Internet access
that is always on and faster than dial-up access over traditional analog or ISDN
ISDN
PSTN services.Contents1 Overview 2 Broadband
Broadband
technologies2.1 Telecommunications 2.2 Computer networks 2.3 TV and video 2.4 Alternative technologies3 Internet broadband3.1 Global bandwidth concentration4 See also 5 ReferencesOverview[edit] Different criteria for "broad" have been applied in different contexts and at different times
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Internet
The Internet
Internet
is the global system of interconnected computer networks that use the Internet protocol suite
Internet protocol suite
(TCP/IP) to link devices worldwide. It is a network of networks that consists of private, public, academic, business, and government networks of local to global scope, linked by a broad array of electronic, wireless, and optical networking technologies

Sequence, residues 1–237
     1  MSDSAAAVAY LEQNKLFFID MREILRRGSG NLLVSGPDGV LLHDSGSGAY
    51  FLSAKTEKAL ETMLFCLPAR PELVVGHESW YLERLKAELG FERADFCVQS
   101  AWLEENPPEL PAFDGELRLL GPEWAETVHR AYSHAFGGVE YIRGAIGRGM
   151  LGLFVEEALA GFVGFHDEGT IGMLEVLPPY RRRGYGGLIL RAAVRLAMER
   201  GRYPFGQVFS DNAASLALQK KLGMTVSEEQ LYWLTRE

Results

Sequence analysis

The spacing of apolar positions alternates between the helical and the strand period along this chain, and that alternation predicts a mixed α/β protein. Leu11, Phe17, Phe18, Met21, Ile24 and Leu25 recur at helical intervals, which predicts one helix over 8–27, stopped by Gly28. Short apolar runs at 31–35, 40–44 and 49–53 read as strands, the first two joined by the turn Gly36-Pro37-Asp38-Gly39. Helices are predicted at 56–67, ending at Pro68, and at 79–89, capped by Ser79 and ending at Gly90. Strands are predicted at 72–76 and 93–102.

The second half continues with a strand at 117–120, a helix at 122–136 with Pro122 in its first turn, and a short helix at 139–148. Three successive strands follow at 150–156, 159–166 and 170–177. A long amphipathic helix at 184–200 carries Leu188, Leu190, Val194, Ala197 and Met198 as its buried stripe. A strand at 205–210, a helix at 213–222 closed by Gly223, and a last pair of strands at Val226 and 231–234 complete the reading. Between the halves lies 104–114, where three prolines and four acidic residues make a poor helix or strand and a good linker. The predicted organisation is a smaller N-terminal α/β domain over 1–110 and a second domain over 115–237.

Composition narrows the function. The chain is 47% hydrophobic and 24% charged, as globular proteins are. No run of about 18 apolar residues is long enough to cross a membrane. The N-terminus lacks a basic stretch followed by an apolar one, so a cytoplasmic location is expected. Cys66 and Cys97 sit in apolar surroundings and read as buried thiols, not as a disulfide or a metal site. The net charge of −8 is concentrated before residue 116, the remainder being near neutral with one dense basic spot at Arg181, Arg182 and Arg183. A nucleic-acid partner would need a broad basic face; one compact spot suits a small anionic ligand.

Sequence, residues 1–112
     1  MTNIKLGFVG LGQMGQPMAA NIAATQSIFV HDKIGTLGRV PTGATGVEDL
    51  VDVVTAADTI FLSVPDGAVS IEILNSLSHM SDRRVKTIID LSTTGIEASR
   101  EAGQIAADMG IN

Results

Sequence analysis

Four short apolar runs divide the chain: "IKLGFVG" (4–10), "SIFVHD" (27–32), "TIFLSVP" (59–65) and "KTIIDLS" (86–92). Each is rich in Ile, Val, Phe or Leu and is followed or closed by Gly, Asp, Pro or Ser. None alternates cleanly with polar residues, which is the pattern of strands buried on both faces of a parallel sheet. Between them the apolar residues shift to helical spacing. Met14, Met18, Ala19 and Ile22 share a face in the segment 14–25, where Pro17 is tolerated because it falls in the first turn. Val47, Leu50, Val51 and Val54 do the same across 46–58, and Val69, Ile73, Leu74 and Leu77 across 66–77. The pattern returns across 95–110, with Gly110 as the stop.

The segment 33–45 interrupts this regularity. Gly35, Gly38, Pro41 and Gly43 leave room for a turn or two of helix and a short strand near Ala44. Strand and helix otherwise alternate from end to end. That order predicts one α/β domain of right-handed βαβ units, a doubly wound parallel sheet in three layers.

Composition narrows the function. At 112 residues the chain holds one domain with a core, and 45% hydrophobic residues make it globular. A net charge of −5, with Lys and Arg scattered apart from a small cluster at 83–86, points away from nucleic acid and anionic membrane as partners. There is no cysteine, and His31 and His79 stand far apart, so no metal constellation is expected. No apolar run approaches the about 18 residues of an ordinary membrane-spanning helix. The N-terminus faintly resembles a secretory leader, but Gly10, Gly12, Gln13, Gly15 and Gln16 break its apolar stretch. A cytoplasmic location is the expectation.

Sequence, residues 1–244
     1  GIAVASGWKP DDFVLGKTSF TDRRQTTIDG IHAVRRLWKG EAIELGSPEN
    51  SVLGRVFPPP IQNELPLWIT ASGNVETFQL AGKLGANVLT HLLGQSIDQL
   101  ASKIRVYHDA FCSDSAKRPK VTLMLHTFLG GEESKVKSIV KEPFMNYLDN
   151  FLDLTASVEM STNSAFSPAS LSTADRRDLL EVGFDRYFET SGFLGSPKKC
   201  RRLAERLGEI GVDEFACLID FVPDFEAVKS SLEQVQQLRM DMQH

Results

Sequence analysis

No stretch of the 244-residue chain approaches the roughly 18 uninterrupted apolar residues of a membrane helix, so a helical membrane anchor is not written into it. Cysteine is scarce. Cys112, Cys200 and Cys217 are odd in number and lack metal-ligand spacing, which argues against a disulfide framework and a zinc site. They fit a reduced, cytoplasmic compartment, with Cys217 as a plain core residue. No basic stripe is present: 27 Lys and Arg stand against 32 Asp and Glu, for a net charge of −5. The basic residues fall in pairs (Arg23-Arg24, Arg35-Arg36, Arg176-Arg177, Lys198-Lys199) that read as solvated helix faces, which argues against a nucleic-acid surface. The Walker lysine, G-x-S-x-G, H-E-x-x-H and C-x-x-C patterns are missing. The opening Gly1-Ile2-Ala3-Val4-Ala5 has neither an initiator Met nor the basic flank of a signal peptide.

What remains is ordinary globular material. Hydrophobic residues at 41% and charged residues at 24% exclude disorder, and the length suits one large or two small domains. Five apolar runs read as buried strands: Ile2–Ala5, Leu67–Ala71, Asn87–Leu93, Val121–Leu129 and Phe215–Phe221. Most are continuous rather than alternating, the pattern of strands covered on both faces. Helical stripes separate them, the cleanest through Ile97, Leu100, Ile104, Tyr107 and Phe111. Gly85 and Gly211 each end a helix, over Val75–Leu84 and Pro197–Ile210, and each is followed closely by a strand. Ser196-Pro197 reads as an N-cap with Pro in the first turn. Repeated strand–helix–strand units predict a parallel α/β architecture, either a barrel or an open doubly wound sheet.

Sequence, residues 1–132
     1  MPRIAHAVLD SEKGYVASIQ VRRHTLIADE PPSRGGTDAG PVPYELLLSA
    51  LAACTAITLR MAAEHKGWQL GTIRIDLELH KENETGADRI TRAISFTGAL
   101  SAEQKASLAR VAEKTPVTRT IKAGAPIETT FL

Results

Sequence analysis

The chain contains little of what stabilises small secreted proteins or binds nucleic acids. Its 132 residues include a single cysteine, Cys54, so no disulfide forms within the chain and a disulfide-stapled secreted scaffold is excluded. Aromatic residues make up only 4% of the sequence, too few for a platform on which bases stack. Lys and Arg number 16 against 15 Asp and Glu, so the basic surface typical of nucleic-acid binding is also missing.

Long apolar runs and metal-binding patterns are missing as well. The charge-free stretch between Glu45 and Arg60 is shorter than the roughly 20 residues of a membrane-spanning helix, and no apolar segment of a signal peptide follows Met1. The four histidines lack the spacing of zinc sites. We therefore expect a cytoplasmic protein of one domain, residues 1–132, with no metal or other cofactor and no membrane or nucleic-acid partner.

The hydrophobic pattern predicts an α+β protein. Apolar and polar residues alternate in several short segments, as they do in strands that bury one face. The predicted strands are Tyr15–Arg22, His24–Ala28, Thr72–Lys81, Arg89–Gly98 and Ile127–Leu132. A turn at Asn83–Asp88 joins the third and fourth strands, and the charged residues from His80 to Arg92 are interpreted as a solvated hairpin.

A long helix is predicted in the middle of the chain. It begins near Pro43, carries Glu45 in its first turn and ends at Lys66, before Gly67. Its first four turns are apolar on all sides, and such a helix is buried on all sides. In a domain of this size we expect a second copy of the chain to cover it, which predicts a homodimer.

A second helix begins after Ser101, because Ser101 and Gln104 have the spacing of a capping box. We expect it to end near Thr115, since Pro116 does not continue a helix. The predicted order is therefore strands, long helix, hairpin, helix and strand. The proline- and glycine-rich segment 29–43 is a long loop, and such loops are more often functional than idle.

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Cable Television
Cable television
Cable television
is a system of delivering television programming to paying subscribers via radio frequency (RF) signals transmitted through coaxial cables, or in more recent systems, light pulses through fiber-optic cables. This contrasts with broadcast television, in which the television signal is transmitted over the air by radio waves and received by a television antenna attached to the television; or satellite television, in which the television signal is bounced off of the Earth's firmament and received by a satellite dish on the roof. FM radio
FM radio
programming, high-speed Internet, telephone services, and similar non-television services may also be provided through these cables
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College Football
College football
College football
is American football
American football